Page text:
“The circle into which a man was born was not simply a group of kinsfolk and fellow-citizens, but embraced also certain divine beings, the gods of the state, which to the ancient mind were as much a part of the particular community with which they stood connected as the human members of the social circle. The relationship between the gods of antiquity and their worshippers was expressed in the language of human relationship, and this language was not taken in a figurative sense but with strict literality. If a god was spoken of as father and his worshippers as his offspring, the meaning was that the worshippers were literally of his stock, that he and they made up one natural family with reciprocal family duties to one another. Or, again, if the god was addressed as king, and the worshippers called themselves his servants, they meant that the supreme guidance of the state was actually in his hands, and accordingly the organisation of the state included provision for consulting his will and obtaining his direction for all weighty matters, and also provision for approaching him as king with due homage and tribute.

“Thus a man was born into a fixed relation to certain gods as surely as he was born into relation to his fellow-men; and his religion, that is, the part of conduct which was determined by his relation to the gods, was simply one side of the general scheme of conduct prescribed for him by his position as a member of society. There was no separation between the spheres of religion and of ordinary life. Every social act had a reference to the gods as well as to men, for the social body was not made up of men only, but of gods and men.”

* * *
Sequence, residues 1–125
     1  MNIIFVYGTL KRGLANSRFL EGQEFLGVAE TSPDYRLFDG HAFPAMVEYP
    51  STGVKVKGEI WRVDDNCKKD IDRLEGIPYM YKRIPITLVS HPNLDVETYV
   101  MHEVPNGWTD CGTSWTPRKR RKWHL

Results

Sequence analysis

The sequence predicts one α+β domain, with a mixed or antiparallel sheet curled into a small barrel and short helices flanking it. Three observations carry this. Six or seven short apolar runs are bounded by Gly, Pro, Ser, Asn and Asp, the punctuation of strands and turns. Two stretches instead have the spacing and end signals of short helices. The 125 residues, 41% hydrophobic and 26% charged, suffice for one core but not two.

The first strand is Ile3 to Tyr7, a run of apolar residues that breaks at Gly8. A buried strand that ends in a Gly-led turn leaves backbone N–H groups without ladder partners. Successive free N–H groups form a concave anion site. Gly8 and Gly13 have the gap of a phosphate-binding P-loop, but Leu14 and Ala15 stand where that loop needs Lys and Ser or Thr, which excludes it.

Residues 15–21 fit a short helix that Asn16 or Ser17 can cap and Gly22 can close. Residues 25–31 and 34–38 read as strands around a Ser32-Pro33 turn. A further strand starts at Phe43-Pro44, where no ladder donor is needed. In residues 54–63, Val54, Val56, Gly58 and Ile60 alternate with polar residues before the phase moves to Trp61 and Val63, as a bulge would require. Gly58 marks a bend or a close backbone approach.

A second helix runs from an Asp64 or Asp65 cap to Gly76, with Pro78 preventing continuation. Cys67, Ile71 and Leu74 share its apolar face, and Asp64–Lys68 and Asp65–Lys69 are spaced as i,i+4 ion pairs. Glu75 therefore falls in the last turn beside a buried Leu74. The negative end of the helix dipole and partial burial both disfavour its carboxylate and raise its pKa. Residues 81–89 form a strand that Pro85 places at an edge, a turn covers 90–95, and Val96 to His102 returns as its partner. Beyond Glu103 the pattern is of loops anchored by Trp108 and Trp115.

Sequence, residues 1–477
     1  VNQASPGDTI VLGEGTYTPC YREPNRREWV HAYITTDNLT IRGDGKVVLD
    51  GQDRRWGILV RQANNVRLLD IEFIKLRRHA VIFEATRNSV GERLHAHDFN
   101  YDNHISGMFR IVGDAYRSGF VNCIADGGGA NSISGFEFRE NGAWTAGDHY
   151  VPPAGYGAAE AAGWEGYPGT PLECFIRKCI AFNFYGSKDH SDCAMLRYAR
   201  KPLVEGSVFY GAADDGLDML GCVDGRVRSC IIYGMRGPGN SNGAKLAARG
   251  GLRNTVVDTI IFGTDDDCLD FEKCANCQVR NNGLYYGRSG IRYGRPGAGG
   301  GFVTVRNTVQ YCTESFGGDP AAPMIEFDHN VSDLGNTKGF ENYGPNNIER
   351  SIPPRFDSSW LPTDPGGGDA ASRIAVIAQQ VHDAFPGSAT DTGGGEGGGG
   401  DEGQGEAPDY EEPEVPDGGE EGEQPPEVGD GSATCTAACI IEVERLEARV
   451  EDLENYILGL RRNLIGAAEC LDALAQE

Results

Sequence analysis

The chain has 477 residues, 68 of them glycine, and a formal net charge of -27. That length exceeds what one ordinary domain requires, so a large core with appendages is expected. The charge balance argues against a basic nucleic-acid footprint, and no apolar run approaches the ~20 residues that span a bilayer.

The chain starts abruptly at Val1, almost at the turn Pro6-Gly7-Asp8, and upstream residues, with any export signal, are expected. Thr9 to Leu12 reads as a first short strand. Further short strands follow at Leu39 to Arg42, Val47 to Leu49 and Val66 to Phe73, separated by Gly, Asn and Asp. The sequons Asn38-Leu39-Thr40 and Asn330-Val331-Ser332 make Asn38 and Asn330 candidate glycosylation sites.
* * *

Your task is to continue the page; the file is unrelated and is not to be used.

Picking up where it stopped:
What is more, Robertson Smith goes on to say:

“This account of the position of religion in the social system holds good, I believe, for all parts and races of the ancient world in the earlier stages of their history. The causes of so remarkable a uniformity lie hidden in the mists of prehistoric time, but must plainly have been of a general kind, operating on all parts of mankind without distinction of race and local environment; for in every region of the world, as soon as we find a nation or tribe emerging from prehistoric darkness into the light of authentic history, we find also that its religion conforms to the general type which has just been indicated.”45

It is not surprising that, in such conditions, there was no word for religion. The Latin religio, for instance, meant ‘matters of state’, while in Japan the closest approximation, Matsori Goro, also meant government.

Let us examine more closely the model or world view in terms of which traditional man sees himself as related to the men and gods who form his social environment.

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Religio-Culture as a Means of Classifying the Members of the Social Environment

We live in a mass society in which the bonds that hold together traditional societies have been largely eroded. A mass society is an unstructured, undifferentiated aggregation of people. A traditional society, on the other hand, is a highly differentiated system: its members stand in clearly defined, asymmetrical relationships with one another and have distinct duties towards one another. Differentiation implies acknowledged social roles, and hence cooperation; in the absence of differentiation, a society will be characterised by competition and aggression.

Each member of a traditional society has at his disposal an elaborate kinship terminology, by means of which he classifies the members of his social environment; in some societies, there are as many as 150 different terms.

What is more, as Radcliffe Brown points out, there is a close correspondence between the designation of a relative by a specific term and the type of behaviour that must be displayed towards him.29

A religio-culture also allows the members of social groups other than one’s own to be classified.